Tshibaka Says Make Mailing Abortion Pills Federal Crime in Resurfaced Video

A video has recently resurfaced online of Republican candidate for Alaska's Senate Kelly Tshibaka calling for the federal criminalization of in-mail abortion and birth control pills.

Tshibaka, who has been endorsed by former President Donald Trump, said during a meeting with supporters that was captured on cellphone video last month that she wants "to make it illegal" to send abortion pills in the mail under a potential criminal act that would allow postal services to block those pills from reaching recipients.

Though the GOP candidate, who is running for Senator Lisa Murkowski's seat in the state's upcoming midterm election, noted that she needs to think the idea through, she said that the potential act would "prosecute" the recipient, the drug maker, the sender, and the "whole chain there."

When one of the attendees at the meeting asked her whether or not birth control pills would also fall under that same category, she responded that "it would."

On Wednesday, Alaska's House of Representatives voted to pass a budget amendment that would stop Medicaid funding for abortions, Alaska Public Media reported.

The amendment was introduced by GOP Representative Christopher Kurka who said: "The legislature has consistently said we don't want to pay for abortions. I think it's high time to stop using intent language. We again, like last year, put this language in the budget to make it very clear that this body is not interested in paying for abortions."

Last year, there were over 1,200 abortions performed in Alaska, with 43.8 percent of those procedures being funded by Medicaid, according to state data.

GOP legislators have been pushing back against abortions in different parts of the country where it is either banned or faces some restrictions. In September, Texas issued a law banning the procedure statewide, sending residents, who want an abortion, to other states including Oklahoma, which recently rolled back its abortion rights as well.

On Tuesday, Oklahoma passed a bill in the state's House that would make abortion a felony that is punishable by up to 10 years in prison and a $100,000 fine.

With at least 15 Republican-controlled states pushing forward bills that would ban the procedure, according to the Daily Kos, abortion pills have become an appealing option for many women. The pills made up 54 percent of abortions in 2020, according to data released by Guttmacher Institute in February.

"For a lot of people, having the option of having an abortion in the privacy and comfort of their own home is appealing," Rachel K. Jones, a research scientist with the Guttmacher Institute, told NPR last month.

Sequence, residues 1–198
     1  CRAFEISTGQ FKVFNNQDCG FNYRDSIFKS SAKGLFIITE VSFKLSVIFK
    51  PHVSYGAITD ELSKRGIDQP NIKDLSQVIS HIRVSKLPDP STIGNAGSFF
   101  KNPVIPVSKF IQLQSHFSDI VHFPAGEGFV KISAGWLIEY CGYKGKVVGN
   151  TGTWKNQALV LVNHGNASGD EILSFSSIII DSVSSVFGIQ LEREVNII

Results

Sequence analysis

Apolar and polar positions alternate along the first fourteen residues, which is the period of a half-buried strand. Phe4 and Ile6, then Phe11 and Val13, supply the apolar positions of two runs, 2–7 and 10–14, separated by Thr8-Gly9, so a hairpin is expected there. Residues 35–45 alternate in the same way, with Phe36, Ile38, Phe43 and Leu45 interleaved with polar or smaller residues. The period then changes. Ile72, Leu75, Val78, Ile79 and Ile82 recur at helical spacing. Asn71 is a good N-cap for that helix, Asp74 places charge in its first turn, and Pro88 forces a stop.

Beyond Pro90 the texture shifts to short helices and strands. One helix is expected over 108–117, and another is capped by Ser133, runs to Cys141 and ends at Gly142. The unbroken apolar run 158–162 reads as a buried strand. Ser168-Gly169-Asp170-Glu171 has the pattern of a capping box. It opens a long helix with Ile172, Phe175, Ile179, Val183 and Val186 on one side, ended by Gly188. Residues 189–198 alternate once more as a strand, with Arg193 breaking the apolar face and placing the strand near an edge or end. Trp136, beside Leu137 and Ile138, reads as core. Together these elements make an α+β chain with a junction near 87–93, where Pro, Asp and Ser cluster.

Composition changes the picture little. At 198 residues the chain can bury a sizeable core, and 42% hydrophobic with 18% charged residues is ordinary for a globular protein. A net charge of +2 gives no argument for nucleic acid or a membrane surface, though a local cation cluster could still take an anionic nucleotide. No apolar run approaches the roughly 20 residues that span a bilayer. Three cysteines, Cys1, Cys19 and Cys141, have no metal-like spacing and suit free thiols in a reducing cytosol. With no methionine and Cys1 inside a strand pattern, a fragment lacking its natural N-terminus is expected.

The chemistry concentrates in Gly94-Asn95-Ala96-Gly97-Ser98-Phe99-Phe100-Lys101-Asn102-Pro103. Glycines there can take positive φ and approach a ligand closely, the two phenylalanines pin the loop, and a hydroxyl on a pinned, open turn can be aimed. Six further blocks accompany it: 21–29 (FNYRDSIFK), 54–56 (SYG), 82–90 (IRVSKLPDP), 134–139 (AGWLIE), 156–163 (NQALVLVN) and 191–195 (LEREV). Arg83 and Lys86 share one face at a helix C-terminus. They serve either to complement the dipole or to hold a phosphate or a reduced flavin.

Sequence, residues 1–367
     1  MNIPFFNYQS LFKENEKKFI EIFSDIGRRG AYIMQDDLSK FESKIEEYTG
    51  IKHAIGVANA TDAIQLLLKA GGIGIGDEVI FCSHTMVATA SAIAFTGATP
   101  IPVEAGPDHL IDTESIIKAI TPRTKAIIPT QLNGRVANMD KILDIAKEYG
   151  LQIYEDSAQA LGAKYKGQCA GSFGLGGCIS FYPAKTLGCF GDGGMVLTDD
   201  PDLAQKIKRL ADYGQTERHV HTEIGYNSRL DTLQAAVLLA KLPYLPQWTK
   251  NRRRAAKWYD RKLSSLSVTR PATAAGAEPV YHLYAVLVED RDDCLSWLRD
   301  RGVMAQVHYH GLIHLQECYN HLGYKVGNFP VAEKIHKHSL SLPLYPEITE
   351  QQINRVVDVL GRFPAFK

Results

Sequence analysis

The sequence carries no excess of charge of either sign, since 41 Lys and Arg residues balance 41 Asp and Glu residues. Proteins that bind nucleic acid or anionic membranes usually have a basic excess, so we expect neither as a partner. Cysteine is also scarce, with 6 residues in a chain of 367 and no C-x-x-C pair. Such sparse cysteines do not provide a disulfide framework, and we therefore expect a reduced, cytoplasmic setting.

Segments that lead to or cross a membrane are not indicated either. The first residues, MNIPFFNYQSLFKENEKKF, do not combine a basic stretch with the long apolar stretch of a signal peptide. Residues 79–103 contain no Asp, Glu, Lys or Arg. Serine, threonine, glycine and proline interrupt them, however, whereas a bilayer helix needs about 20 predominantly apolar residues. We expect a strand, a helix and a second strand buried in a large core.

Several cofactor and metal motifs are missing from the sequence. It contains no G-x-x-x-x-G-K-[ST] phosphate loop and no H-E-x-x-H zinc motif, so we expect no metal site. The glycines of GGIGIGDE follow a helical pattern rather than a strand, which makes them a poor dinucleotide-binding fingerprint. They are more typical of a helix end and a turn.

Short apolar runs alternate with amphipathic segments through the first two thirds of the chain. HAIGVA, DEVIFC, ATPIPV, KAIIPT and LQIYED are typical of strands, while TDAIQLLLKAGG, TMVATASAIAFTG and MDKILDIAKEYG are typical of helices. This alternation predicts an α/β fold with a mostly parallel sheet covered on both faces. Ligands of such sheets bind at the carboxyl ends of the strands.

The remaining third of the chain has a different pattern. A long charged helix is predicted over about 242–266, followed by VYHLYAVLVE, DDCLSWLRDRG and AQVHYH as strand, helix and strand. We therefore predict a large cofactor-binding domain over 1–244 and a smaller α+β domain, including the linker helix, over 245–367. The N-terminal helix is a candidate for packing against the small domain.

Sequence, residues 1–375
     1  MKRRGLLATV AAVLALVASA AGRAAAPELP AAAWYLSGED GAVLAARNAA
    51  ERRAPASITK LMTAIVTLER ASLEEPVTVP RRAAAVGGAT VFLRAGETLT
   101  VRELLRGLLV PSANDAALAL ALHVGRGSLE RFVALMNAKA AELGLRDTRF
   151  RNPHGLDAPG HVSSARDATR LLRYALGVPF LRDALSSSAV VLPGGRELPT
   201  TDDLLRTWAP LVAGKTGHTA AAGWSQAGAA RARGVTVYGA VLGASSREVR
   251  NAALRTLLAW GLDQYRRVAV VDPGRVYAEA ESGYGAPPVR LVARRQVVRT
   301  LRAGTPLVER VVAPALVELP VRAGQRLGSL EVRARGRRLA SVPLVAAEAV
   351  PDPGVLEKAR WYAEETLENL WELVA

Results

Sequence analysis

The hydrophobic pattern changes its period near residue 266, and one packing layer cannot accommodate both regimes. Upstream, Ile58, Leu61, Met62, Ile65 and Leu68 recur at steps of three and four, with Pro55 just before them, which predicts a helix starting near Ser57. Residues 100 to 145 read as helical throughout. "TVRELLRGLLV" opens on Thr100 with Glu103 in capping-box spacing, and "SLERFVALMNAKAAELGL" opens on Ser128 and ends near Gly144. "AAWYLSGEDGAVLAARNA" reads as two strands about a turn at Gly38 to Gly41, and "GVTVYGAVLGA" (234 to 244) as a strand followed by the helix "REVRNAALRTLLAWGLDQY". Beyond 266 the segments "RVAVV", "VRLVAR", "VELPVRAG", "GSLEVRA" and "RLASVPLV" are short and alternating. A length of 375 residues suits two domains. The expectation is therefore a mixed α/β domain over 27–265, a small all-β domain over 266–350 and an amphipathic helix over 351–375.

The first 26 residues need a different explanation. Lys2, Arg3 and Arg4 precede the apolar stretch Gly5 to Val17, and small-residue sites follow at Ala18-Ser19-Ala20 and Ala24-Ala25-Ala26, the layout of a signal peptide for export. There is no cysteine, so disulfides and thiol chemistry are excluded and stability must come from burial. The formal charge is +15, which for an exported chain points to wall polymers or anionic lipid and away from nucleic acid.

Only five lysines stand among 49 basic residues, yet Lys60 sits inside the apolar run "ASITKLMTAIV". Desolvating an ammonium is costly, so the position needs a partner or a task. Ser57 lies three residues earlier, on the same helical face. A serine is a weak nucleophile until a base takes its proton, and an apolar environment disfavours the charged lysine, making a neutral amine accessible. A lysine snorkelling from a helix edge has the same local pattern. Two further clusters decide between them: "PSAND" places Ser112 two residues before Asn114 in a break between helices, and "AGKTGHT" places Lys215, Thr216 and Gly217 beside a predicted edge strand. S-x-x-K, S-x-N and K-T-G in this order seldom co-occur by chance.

The pills allowed women to terminate their pregnancies up to 10 weeks in without having an operation. In response to the pandemic, the U.S. Food and Drug Administration (FDA) in July 2020 announced that those pills could be accessed without having to pick them up in-person or take them in a doctor's presence, according to The Guardian.

Tshibaka Wants to federally criminalize mailing abortion-pills
A video of Republican candidate for Alaska Senate seat Kelly Tshibaka has resurfaced in which she was filmed saying that she wants to make it illegal to receive abortion pills in the mail. Above, Tshibaka speaks during CPAC on February 24 in Orlando, Florida. Photo by Joe Raedle/Getty Images

In December, the FDA made obtaining abortion pills through the mail a permanent decision and said at the time that women can continue ordering mifepristone, a progesterone blocker that could end a pregnancy through telehealth services.

However, some Republicans are pushing against the abortion pills, including South Dakota Governor Kristi Noem, who signed legislation last month that restricted access to them, according to ABC News.

Meanwhile in Georgia, Republican state Senator Bruce Thompson sponsored a bill in January that prohibits the delivery of abortion pills by mail. Thompson said during a floor debate that his bill was meant "to protect the cherished doctor-patient relationship," according to NPR. "Why would we not do everything within our power to protect women's health and safety during this difficult time in their lives?" he asked.

Newsweek reached out to Kelly Tshibaka's media office and Plan C, which is a nonprofit that supports abortion for comment.